The Persian Gulf War (Jan. 16, 1991–April 6, 1991)
Iraq invades its tiny neighbor, Kuwait, after talks break down over oil production and debt repayment. Iraqi president Saddam Hussein later annexes Kuwait and declares it a 19th province of Iraq (Aug. 2). President Bush believes that Iraq intends to invade Saudi Arabia and take control of the region's oil supplies. He begins organizing a multinational coalition to seek Kuwait's freedom and restoration of its legitimate government. The UN Security Council authorizes economic sanctions against Iraq. Bush orders U.S. troops to protect Saudi Arabia at the Saudis' request and “Operation Desert Shield” begins (Aug. 6). 230,000 American troops arrive in Saudi Arabia to take defensive action, but when Iraq continues a huge military buildup in Kuwait, the President orders an additional 200,000 troops deployed to prepare for a possible offensive action by the U.S.-led coalition forces. He subsequently obtains a UN Security Council resolution setting a Jan. 15, 1991 deadline for Iraq to withdraw unconditionally from Kuwait (Nov. 8).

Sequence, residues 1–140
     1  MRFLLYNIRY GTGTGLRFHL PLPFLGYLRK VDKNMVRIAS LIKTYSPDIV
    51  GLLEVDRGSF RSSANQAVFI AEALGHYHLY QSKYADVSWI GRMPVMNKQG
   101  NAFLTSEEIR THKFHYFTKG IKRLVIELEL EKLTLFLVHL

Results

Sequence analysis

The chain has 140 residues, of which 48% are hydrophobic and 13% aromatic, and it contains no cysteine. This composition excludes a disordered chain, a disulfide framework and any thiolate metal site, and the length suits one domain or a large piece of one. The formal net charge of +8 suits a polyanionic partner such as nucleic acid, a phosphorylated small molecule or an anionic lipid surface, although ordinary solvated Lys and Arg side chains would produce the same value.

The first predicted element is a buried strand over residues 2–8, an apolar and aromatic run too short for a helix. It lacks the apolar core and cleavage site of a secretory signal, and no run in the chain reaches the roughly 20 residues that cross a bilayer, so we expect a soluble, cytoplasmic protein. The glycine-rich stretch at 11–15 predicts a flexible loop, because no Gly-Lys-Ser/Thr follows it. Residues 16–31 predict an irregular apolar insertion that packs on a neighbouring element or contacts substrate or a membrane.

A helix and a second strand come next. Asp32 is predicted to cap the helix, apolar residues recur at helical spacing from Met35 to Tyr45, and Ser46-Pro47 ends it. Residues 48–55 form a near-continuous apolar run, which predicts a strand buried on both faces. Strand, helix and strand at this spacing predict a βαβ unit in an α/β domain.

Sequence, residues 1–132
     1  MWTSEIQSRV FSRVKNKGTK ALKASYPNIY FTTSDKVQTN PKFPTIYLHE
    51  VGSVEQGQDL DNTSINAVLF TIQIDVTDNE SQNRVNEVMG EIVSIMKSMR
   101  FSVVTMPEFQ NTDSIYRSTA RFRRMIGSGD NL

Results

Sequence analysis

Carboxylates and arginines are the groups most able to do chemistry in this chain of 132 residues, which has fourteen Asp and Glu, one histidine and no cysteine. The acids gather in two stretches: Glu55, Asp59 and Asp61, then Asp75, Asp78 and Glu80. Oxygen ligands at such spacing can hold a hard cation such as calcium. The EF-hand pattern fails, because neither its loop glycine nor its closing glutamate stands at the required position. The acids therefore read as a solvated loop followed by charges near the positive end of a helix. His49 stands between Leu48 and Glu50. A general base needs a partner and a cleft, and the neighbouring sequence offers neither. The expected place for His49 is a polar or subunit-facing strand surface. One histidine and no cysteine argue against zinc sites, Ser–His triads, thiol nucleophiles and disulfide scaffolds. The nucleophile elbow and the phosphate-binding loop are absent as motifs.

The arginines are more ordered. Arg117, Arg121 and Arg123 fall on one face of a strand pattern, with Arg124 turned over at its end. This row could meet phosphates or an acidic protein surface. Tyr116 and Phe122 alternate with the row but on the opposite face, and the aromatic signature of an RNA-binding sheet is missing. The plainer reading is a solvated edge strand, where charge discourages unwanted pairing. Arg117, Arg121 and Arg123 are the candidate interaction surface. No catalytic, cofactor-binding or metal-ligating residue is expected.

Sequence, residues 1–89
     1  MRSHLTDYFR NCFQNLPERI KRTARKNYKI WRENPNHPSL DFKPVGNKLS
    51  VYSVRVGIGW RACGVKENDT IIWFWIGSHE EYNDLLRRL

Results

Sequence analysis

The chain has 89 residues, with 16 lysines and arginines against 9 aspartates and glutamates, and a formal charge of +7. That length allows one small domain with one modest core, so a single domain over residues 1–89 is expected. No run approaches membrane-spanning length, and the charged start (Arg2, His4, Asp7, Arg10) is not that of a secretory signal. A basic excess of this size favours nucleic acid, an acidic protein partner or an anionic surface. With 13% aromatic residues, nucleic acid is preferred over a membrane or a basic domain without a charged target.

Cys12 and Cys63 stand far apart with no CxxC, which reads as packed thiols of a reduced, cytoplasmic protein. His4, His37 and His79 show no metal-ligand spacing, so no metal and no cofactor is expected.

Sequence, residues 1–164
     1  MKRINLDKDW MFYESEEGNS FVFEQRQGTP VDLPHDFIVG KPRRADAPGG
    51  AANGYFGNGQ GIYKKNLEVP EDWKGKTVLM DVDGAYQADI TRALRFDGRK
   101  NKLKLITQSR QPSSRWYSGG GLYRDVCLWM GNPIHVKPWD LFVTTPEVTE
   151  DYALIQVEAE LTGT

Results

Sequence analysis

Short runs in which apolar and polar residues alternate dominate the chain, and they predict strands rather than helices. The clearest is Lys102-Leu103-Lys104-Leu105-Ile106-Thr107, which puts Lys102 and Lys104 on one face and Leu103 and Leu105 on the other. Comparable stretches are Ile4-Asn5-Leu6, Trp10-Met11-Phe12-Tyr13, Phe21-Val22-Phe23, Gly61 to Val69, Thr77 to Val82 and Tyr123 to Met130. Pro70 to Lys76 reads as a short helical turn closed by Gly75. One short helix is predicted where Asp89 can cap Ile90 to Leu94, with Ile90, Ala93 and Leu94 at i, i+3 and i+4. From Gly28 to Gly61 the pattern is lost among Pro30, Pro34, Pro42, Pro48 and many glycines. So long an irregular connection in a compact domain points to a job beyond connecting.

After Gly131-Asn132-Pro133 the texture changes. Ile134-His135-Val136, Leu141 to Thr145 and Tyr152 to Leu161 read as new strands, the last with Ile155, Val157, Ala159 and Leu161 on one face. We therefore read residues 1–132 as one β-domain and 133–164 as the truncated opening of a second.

Bush wins congressional approval for his position with the most devastating air assault in history against military targets in Iraq and Kuwait (Jan. 16). He rejects a Soviet-Iraq peace plan for a gradual withdrawal that does not comply with all the UN resolutions and gives Iraq an ultimatum to withdraw from Kuwait by noon Feb. 23(Feb. 22). The president orders the ground war to begin (Feb. 24). In a brilliant and lightning-fast campaign, U.S. and coalition forces smash through Iraq's defenses and defeat Saddam Hussein's troops in only four days of combat. Allies enter Kuwait City (Feb. 26). Iraqi army sets fire to over 500 of Kuwait's oil wells as final act of destruction to Kuwait's infrastructure. Bush orders a unilateral cease-fire 100 hours after the ground offensive started (Feb. 27). Allied and Iraqi military leaders meet on battlefield to discuss terms for a formal cease-fire to end the Gulf War. Iraq agrees to abide by all of the UN resolutions (Mar. 3). The first Allied prisoners of war are released (Mar. 4). Official cease-fire accepted and signed (April 6). 532,000 U.S. forces served in Operation Desert Storm. There were a total of 147 U.S. battle deaths during the Gulf War, 145 nonbattle deaths, and 467 wounded in action.